An Unquiet Mind, A Memoir of Moods
 and Madness


By Kay Kedfield Jamison, published by Picador, 1997, ISBN 0330
I W3 IZ Price £7.99 stg, paperback.


This is, quite simply, the most compelling account of manic depressive 
illness that I have ever read. In fact. I read it twice and was unable to put it
 down on either occasion since it begs to be absorbed in one sitting. And in 
reviewing it, it is tempting simply to quote huge chunks of the book itself, 
not only because the writing is lyrical, humourous and exhilarating but 
because any comment I might have would be merely superfluous.

Dr. Redfield Jamison is Professor of Psychiatry at the Johns Hopkins 
University School of Medicine in the United States. Quite clearly, she took 
an enormous risk in publishing this memoir. Not only is she one of the
 foremost authorities on manic-depressive illness but she has experienced it 
first hand. She writes, then, from the dual perspectives of the healer and
 the healed, enduring the same exhilarating highs and suicidal depressions 
experienced by many of her patients.

She came from a loving family. Her father was a pilot, a career Air Force 
officer with wild, fanciful notions and obsessions which delighted his
 children. “Rather like having Mary Poppins for a father” is how his 
daughter recalls him. She adored her mother and grew up in a safe, secure
 home. Sadly, in later life her father, too, developed manic depression and
 her sister never experienced the early years of happiness which Dr.
 Jamison enjoyed. “Not surprisingly, perhaps, when both she and I had to 
deal with our respective demons, my sister saw the darkness as being 
within and part of herself, the family and the world. I, instead, saw it as a
 stranger; however lodged within my mind and soul the darkness became, 
it almost always seemed an outside force that was at war with my natural 
self.”

She was a senior in high school when she had her first attack of manic-
depressive illness, a brilliant student clearly destined for high academic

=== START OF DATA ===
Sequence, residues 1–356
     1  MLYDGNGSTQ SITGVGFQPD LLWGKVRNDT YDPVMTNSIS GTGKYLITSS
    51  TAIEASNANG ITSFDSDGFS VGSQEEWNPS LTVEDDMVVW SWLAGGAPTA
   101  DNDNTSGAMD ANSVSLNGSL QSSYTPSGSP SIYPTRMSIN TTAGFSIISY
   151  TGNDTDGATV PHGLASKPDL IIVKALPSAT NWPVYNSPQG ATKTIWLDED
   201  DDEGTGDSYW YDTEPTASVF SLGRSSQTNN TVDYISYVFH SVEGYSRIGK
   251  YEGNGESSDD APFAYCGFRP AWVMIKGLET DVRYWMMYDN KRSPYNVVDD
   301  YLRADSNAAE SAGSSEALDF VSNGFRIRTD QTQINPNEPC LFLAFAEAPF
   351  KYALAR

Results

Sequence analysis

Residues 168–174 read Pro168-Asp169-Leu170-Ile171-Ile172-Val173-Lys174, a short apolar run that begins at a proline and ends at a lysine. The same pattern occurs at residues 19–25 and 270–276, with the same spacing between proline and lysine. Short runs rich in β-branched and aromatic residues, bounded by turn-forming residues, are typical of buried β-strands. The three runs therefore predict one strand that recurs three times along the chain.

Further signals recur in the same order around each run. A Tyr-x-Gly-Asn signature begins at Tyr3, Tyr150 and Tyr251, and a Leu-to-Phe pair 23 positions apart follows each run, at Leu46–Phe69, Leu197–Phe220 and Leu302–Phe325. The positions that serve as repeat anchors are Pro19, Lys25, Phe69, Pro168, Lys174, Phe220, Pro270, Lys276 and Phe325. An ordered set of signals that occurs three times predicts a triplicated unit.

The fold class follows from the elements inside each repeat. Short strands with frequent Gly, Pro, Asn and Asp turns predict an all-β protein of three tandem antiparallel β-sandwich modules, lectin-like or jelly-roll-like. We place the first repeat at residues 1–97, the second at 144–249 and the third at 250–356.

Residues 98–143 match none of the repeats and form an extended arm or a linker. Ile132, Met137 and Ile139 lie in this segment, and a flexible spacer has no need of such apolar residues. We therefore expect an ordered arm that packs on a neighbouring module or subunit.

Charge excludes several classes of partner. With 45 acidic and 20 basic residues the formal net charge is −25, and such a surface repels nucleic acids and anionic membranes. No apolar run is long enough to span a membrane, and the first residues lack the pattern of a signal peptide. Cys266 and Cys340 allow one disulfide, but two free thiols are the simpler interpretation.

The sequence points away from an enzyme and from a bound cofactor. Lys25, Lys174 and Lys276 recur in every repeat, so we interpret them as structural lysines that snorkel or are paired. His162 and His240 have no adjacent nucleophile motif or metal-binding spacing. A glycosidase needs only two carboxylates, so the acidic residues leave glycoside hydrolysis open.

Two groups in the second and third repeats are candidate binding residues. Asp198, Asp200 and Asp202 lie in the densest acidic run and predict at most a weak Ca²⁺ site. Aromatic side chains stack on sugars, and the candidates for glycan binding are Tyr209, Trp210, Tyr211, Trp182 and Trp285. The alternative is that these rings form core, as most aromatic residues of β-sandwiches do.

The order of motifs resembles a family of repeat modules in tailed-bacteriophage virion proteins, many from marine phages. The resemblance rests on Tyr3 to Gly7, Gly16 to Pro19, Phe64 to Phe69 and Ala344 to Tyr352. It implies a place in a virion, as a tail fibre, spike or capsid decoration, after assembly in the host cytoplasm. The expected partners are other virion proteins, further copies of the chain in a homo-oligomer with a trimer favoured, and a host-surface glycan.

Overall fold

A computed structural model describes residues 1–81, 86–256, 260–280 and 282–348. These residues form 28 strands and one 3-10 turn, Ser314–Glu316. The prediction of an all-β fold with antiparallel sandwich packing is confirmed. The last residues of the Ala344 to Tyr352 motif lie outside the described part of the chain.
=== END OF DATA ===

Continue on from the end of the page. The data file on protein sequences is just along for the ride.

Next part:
achievement. That she eventually made it through to be a tenured
 professor at one of the top universities in America is an amazing tribute to
 her tenacity. Through the soaring heights of mania when she went without
 sleep for weeks, bought enormous quantities of books she did not need, 
ran up bills she couldn’t pay, she continued to lecture and to do her 
research. Even when she was suicidally depressed, so tired she could not 
wash her hair, unable to concentrate enough to read or to answer the 
telephone, her work went on with only close friends and family realising
 what was happening.

Her biggest battle was with lithium. For a long time she was given high
 doses of this drug which stabilised her moods but which resulted in such 
nausea that she frequently slept on the bathroom floor covered by a
 blanket. When she stopped taking it, the illness would strike again with 
wild manic experiences followed by ever more devastating depressive 
episodes. At one point the risk of suicide was so great that her psychiatrist
 and her friends set up a rota whereby she could be watched at all times. So
 why this reluctance to take a stabilising drug? “Some of my reluctance
 stemmed from a fundamental denial that what I had was a real
 disease….Moods are such an essential part of the substance of life, one’s 
notion of oneself, that even psychotic extremes in mood and behaviour
 somehow can be seen as temporary, even understandable, reactions to
 what life has dealt…. It was difficult to give up the high flights of mind and 
mood, even though the depressions that inevitably followed nearly cost me 
my life.”

Eventually lower doses of lithium were prescribed and were just as 
effective as the higher doses had been. The medication, combined with 
long-term psychotherapy, stabilised the mood swings, though not
 completely.

I heard the author being interviewed on radio by Dr Anthony Clare. He 
asked her whether, if it were possible to replace the gene which causes 
main depressive illness she would choose to have it. Her answer was no. It 
is explained at the end of her book. “Because I honestly believe that as a
 result of it I have felt more things, more deeply; had more experiences 
more intensely; loved more, and been more loved, laughed more often for
 having cried more often; appreciated more the springs, for all the winters; worn death ‘as close as dungarees,’ appreciated it – and life – more; seen the
 finest and the most terrible in people, and slowly learned the values of
 caring, loyalty, and seeing things through….. Much of this is related to my 
illness – the intensity it gives to things and the perspective it forces on me. I think it has made me test the limits of my mind (which, while wanting, is
 holding) and the limits of my upbringing, family, education, and friends.”

Mavis Arnold